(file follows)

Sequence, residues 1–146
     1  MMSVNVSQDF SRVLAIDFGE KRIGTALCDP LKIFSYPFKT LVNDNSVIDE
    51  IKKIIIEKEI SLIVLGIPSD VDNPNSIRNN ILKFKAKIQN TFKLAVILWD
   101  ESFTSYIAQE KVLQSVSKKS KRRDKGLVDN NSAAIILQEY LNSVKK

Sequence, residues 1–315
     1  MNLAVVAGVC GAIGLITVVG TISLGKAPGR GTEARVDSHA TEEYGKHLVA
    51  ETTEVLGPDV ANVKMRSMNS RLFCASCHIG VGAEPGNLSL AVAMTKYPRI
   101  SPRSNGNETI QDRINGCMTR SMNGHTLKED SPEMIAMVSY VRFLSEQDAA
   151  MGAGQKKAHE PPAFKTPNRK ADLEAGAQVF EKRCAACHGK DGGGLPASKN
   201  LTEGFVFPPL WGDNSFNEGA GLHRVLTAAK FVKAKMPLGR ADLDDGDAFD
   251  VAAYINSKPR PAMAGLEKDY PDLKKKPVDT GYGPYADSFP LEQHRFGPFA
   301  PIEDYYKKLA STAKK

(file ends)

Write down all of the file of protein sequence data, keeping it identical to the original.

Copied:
Sequence, residues 1–146
     1  MMSVNVSQDF SRVLAIDFGE KRIGTALCDP LKIFSYPFKT LVNDNSVIDE
    51  IKKIIIEKEI SLIVLGIPSD VDNPNSIRNN ILKFKAKIQN TFKLAVILWD
   101  ESFTSYIAQE KVLQSVSKKS KRRDKGLVDN NSAAIILQEY LNSVKK

Sequence, residues 1–315
     1  MNLAVVAGVC GAIGLITVVG TISLGKAPGR GTEARVDSHA TEEYGKHLVA
    51  ETTEVLGPDV ANVKMRSMNS RLFCASCHIG VGAEPGNLSL AVAMTKYPRI
   101  SPRSNGNETI QDRINGCMTR SMNGHTLKED SPEMIAMVSY VRFLSEQDAA
   151  MGAGQKKAHE PPAFKTPNRK ADLEAGAQVF EKRCAACHGK DGGGLPASKN
   201  LTEGFVFPPL WGDNSFNEGA GLHRVLTAAK FVKAKMPLGR ADLDDGDAFD
   251  VAAYINSKPR PAMAGLEKDY PDLKKKPVDT GYGPYADSFP LEQHRFGPFA
   301  PIEDYYKKLA STAKK